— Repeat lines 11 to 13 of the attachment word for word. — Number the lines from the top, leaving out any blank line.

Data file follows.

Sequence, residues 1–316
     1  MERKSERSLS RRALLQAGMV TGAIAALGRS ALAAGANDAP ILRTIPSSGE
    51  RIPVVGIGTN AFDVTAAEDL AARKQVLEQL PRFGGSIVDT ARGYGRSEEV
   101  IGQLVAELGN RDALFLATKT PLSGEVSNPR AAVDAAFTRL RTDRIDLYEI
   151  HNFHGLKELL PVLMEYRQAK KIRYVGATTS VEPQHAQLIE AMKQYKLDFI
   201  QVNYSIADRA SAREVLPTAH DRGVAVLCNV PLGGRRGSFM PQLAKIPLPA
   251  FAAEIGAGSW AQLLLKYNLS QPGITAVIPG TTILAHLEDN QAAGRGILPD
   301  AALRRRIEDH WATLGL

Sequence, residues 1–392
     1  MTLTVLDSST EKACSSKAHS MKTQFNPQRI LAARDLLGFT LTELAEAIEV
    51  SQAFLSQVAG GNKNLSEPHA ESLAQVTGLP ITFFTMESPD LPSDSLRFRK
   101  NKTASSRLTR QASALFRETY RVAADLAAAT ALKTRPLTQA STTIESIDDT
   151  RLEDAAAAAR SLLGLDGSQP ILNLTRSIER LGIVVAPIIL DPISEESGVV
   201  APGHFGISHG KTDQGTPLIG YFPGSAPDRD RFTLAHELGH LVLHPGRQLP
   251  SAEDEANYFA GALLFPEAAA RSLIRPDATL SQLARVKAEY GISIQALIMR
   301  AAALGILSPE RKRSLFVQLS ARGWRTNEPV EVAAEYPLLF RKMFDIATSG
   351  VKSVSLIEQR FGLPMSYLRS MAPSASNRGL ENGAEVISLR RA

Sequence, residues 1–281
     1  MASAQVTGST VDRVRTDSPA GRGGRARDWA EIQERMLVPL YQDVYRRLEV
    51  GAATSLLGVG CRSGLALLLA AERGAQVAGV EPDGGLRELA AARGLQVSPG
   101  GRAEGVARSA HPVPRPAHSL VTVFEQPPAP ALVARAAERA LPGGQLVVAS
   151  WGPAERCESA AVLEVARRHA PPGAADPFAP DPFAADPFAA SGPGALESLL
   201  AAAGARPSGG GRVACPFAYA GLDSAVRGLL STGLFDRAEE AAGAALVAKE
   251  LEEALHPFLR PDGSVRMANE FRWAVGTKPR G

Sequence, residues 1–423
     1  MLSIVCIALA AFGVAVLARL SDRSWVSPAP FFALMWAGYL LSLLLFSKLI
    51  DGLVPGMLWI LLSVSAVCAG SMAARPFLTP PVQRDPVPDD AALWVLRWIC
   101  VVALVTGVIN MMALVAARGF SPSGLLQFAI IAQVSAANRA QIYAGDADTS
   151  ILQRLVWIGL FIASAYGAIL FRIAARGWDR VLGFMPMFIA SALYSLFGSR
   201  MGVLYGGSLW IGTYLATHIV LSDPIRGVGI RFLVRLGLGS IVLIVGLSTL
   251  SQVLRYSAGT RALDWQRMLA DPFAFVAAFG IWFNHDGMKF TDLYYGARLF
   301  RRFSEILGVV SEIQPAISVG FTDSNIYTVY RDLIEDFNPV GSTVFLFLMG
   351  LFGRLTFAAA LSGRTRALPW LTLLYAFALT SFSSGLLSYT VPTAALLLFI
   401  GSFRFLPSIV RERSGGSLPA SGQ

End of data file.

    51  SQAFLSQVAG GNKNLSEPHA ESLAQVTGLP ITFFTMESPD LPSDSLRFRK
   101  NKTASSRLTR QASALFRETY RVAADLAAAT ALKTRPLTQA STTIESIDDT
   151  RLEDAAAAAR SLLGLDGSQP ILNLTRSIER LGIVVAPIIL DPISEESGVV